Speed Queen vs. GE Hybrid

I haven’t been this happy about doing laundry in ages!  And, mind you, I’m not one complain about doing things I have to do anyway.  I figure that if you can’t get out of them, you might as well embrace them.  And yet, this morning, when one of my children came down and asked about my well being, my husband had to grin when I answered, “I’m great!  I’m doing laundry!”

This machine actually has more features than I thought it did when I decided to buy it.  It has a soak cycle that takes around 12 minutes.  It has an extra rinse switch that automatically adds, well, a second rinse.  And the whole process is fast.  The GE was taking close to an hour to wash an ordinary, uncomplicated load of laundry.  The Speed Queen is done in 33 minutes (I timed it!) which means I get laundry done twice as fast! The big benefit of this to me is that I often have to abandon the machine in favor of other activities, like homeschooling or grocery shopping, and then the machine sat idle until I got back to it.  The Speed Queen has enough settings that it can accomplish even a diaper load without me returning to reset the machine.

8x10 diapers

Oh, yes.  About those diapers.

The routine with the GE: light wash on warm to remove the bulk of soils, heavy wash with hot water and detergent to actually get them clean – and I’ve been adding bleach for several months, as well, because they weren’t actually clean – and then another light wash on warm with vinegar to rinse out any residual detergent.  It took 2.5 to 3 hours to run through a complete round of cycles.

The Speed Queen?  I run a soak cycle on warm, then a heavy hot water wash – no bleach! – with an extra rinse.  I put vinegar in the softener dispenser so it gets distributed through the first rinse cycle.  The diapers couldn’t smell cleaner if they were brand new, and the whole cycle takes about 50 minutes.

I don’t have anything dirtier than diapers.  They are my ultimate test.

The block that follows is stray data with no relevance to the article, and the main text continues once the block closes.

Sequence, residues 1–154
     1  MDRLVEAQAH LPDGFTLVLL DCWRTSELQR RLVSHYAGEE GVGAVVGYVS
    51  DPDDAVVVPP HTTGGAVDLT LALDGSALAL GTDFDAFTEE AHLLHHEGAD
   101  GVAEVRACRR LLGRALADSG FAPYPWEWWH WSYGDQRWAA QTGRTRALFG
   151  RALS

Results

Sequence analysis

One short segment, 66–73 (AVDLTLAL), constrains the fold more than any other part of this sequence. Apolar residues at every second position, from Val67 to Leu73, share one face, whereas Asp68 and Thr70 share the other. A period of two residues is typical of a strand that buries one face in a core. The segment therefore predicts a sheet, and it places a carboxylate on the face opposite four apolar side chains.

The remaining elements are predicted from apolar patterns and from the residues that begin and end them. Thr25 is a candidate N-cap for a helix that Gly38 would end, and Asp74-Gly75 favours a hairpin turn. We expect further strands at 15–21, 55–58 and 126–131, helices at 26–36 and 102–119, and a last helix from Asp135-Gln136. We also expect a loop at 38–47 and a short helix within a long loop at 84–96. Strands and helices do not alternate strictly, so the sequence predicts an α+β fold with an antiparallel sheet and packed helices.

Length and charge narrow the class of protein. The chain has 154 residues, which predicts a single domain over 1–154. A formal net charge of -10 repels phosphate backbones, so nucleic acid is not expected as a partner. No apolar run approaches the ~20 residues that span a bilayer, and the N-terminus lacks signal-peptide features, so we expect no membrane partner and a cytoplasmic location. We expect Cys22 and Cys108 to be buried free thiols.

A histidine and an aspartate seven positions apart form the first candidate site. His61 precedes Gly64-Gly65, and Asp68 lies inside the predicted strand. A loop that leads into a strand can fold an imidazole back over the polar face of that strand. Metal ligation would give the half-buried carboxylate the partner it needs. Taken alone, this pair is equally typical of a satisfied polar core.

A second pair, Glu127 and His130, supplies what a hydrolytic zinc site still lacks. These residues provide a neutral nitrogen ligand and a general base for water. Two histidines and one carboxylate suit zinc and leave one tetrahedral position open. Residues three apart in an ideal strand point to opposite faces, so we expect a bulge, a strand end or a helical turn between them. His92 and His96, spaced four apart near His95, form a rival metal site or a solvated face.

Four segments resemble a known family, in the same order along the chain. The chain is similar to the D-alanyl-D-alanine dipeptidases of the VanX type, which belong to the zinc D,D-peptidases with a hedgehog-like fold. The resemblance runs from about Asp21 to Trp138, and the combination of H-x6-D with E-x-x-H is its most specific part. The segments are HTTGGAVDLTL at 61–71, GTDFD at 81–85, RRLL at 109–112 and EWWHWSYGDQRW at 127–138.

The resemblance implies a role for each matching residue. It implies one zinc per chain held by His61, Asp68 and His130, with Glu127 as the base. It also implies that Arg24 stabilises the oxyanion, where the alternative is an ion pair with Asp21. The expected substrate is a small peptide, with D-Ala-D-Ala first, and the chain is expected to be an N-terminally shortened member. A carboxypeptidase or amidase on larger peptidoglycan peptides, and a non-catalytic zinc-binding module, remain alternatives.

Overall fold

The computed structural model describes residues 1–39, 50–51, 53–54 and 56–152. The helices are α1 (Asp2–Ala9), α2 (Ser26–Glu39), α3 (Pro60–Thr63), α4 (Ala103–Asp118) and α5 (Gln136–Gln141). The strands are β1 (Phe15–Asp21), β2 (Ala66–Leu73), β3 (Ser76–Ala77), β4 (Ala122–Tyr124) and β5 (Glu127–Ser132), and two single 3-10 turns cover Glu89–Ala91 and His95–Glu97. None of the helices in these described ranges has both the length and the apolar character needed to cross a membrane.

Things I like about the Speed Queen:

  1. It has zero electronics.  The whole thing is mechanical, and the wash cycles run on an old fashioned timer.
  2. Water temperatures and levels can be changed via the knobs if you discover you’ve not used enough water, or that you’d like it a little hotter than the automatic 50/50 mix.
  3. The spin cycles are stopped immediately by some kind of braking system, so there is no waiting for the drum to wind down before refilling for the rinse cycles or changing loads.
  4. The lid doesn’t lock, but there is a switch that stops the machine if the lid is opened, even during filling.  The mechanism was easily overridden by a clothespin.  (Thank you, internet!)
  5. It hasn’t gotten unbalanced, even when the bulk of the diapers were spun to one side.  I could hear it rubbing at the beginning of the spin, but it corrected itself.  It also didn’t have any trouble with large, sodden bath mats.

The bottom line is my clothes are cleaner faster, and I’m extremely happy with this machine.


9 Comment

  1. I’m coveting your machine. I’ve had a front-loading Maytag for many, many years. It’s still spinning, and everything comes out clean so I can’t complain. As the quantity of laundry in my house lessens, I can’t really justify a big machine like that, but. the grown kids do come home and do their laundry because the apartment machines are so expensive. If only a thousand dollars would fall in my lap!

    1. Ha! That almost never happens. But you could save up for one… 😉

    2. I’ll be sure to put that on my list! With what this dang surgery is costing I could have one!

  2. I agree! I got Speed Queen too, when we had to buy new laundry machines when we moved. The only thing I think my old Maytag did better is not leaving lint on the clothes. I have been lint-removing more than ever.

    1. In the dryer? We mostly hang ours, but I got a Maytag dryer last time we needed one.

  3. KristyB says:

    I’m coveting your new washer too and mine is only a year old :). It doesn’t get some things as clean as I would like, and often leaves soap spots on certain fabrics. I try to manipulate it manually as much as I can, but can only do so much. It’s overall a very nice machine, but with the amount of laundry that happens here too, I can see where it lacks. Maybe some day 🙂

    1. Yes, something to keep in mind when the current model is no longer working well. I was shocked and very happy that Lowes took mine back after so long! I was only out the warranty.

  4. Emily G says:

    How do you think the capacity compares to an HE machine? My HE front loader does hold a huge load of clothes, and I’d be sorry to have to cut that down greatly.

    1. The thing is, you need water to wash. Lots of water. If a lot of clothes are circulating in a very little water, the detergent and soils are not moving through and from the clothes. I found I couldn’t make use of the whole tub capacity, because there wasn’t enough water to clean effectively, so I’m actually washing larger loads in what is, technically, a smaller drum.

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